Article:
2 January 1998 Photonic applications of bacteriorhodopsin
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Proceedings Volume 3211, International Conference on Fiber Optics and Photonics: Selected Papers from Photonics India '96; (1998) https://doi.org/10.1117/12.345549
Event: International Conference on Fiber Optics and Photonics: Selected Papers from Photonics India '96, 1996, Madras, India
Abstract
The photochromic protein bR is receiving much attention as an interesting alternative to conventional inorganic semiconductor based materials for a variety of applications in optical recording and information processing. Recent advances in genetic engineering techniques for tailoring molecular properties without degrading of its inherent mechanical and thermal stability make it an outstanding photonic material. Some of the photonic applications already demonstrated by our group are reviewed. We exploit the parallel processing of optics and the real-time nature of bR films for the implementation of several photonic applications. We reported a convenient method to obtain all-optical light modulation in bacteriorhodopsin films using a degenerate four-wave mixing geometry. Chemically stabilized films of bacteriorhodopsin in a polymer matrix for which the life time of the excited M state is tens of seconds are used to demonstrate all-optical light intensity modulation. Small intensities of order mW/cm2 are used in the modulation experiments. The fast photochemical transition from M to B permits reasonably fast modulation speeds independent of the slow thermal M to B relaxation time. The experimental system can also be viewed as an all-optical switch, that uses molecular states in a bacteriorhodopsin thin film, where a low power blue pulse turns on a signal red beam. All-optical logic gates are implemented with wild- type and chemically stabilized films of bacteriorhodopsin using a two-color backward degenerate four- wave mixing geometry. The sensitivity of each bR film is markedly different due to the large differences in the saturation intensity. Red light is used to form a grating due to the B to M transition and blue light is used to form a grating due to the fast photochemical transition from M to B. Each of the two wavelengths in the experimental system acts as an input to the all-optical gate and the phase conjugate signal beam bears the output of the gate. To establish the origin of the nonlinearity we studied the intensity dependence of the self-focusing and self-defocusing properties of wild-type bR in water solution using the Z-scan technique with low power cw lasers at two wavelengths on either side of the absorption band. Our measurements indicate that the sign of the nonlinearity depends on the wavelength and the magnitude depends on the fluence of the incident laser beam. The observed self-defocusing and focusing is not due to the intrinsic electronic nonlinearity. The observations can be explained in terms of the Kramers-Kronig dispersion relation that relates the real and imaginary parts of the complex index of refraction to the absorption spectrum.We developed an optical pattern recognition system using Optical Fourier Transform with bR films. The photoinduced dichroism and its dependence on light intensity allows one to use the bR film as a real-time self-adaptive spatial filter at the FT plane. We also demonstrate flow disturbance visualization and beam shaping.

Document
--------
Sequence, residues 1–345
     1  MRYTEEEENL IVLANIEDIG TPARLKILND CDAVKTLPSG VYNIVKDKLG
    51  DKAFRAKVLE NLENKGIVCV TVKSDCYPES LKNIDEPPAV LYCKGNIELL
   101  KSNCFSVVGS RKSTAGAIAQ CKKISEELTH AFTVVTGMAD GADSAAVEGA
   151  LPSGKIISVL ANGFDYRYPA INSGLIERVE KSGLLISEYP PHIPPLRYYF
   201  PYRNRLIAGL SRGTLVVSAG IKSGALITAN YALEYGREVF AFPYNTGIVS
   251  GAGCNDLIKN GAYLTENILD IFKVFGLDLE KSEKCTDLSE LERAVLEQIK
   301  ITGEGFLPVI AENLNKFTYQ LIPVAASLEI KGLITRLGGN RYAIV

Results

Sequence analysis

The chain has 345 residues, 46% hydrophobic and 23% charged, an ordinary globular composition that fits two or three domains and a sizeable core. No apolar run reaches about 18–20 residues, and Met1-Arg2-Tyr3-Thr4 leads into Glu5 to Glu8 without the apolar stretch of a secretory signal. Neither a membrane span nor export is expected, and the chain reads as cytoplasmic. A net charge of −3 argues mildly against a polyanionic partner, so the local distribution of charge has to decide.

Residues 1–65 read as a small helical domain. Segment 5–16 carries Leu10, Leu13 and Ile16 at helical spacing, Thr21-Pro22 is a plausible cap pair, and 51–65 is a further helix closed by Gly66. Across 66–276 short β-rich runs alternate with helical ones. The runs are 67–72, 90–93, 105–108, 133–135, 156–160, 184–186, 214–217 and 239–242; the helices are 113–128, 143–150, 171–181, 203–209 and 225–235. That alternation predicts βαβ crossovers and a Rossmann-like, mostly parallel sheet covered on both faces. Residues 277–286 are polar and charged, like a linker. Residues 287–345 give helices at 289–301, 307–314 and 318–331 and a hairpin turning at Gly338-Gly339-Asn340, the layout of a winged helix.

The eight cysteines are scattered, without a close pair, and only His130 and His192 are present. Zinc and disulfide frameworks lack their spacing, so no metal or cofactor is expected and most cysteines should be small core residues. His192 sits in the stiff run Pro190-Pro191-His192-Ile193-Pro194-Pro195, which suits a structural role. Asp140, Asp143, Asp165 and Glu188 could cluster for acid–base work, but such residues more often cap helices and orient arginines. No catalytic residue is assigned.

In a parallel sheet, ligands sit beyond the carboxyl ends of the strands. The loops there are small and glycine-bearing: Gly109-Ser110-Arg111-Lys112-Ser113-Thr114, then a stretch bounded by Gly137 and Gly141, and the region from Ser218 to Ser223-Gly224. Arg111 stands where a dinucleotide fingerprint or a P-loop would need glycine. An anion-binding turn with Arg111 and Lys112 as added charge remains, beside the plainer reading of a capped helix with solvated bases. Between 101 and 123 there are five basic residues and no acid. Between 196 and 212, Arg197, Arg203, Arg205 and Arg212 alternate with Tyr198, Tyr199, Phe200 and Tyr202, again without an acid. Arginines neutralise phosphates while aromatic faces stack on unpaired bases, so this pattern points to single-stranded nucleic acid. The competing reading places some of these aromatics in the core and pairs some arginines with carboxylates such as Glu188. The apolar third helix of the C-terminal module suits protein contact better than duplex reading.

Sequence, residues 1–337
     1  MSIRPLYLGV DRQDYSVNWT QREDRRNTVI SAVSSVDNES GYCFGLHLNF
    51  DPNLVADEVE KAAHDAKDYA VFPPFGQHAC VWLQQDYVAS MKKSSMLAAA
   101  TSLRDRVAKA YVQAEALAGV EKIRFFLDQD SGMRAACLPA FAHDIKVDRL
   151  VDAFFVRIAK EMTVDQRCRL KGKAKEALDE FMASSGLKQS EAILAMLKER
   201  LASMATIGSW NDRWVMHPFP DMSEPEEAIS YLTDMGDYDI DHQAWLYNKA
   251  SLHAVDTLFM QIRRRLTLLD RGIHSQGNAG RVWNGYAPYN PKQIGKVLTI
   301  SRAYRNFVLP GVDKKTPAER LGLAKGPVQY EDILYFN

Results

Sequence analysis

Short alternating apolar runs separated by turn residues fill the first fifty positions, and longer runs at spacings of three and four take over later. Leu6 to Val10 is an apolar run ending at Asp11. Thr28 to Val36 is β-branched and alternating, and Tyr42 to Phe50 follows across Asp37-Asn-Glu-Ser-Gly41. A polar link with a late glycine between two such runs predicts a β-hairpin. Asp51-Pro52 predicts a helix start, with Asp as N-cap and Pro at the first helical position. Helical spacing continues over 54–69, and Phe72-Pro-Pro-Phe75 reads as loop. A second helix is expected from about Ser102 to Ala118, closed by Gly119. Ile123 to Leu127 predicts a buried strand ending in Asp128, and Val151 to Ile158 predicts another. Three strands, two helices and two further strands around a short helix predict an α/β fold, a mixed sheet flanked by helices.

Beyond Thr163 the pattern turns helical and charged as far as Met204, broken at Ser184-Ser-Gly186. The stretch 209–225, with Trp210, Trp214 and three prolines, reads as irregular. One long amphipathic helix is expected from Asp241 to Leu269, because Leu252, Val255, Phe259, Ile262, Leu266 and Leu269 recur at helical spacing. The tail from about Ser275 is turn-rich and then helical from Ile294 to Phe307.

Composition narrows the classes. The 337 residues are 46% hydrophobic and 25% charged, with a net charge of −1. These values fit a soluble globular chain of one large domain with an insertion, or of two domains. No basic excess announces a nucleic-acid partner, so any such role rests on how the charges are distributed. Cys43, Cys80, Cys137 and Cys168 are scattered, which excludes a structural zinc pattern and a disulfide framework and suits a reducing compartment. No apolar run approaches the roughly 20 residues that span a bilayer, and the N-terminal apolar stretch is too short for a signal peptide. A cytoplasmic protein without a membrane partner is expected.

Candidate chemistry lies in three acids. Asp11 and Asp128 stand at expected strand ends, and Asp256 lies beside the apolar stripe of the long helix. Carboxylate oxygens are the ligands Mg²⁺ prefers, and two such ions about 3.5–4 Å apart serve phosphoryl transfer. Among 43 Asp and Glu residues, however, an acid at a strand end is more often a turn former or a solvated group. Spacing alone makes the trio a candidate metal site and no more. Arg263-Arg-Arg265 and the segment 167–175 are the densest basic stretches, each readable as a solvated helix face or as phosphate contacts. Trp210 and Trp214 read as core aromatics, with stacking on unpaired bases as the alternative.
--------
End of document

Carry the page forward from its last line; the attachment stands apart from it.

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Devulapalli V. G. L. N. Rao, Devulapalli V. G. L. N. Rao, Francisco J. Aranda, Francisco J. Aranda, Joby Joseph, Joby Joseph, Joseph A. Akkara, Joseph A. Akkara, } "Photonic applications of bacteriorhodopsin", Proc. SPIE 3211, International Conference on Fiber Optics and Photonics: Selected Papers from Photonics India '96, (2 January 1998); doi: 10.1117/12.345549; https://doi.org/10.1117/12.345549
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